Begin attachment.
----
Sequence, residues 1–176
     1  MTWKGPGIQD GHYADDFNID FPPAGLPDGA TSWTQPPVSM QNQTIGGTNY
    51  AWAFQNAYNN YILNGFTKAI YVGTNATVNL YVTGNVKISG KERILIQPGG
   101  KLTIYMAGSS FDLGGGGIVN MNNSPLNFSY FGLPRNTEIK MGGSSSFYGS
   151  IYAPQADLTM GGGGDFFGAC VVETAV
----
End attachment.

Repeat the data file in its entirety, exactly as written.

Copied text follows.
Sequence, residues 1–176
     1  MTWKGPGIQD GHYADDFNID FPPAGLPDGA TSWTQPPVSM QNQTIGGTNY
    51  AWAFQNAYNN YILNGFTKAI YVGTNATVNL YVTGNVKISG KERILIQPGG
   101  KLTIYMAGSS FDLGGGGIVN MNNSPLNFSY FGLPRNTEIK MGGSSSFYGS
   151  IYAPQADLTM GGGGDFFGAC VVETAV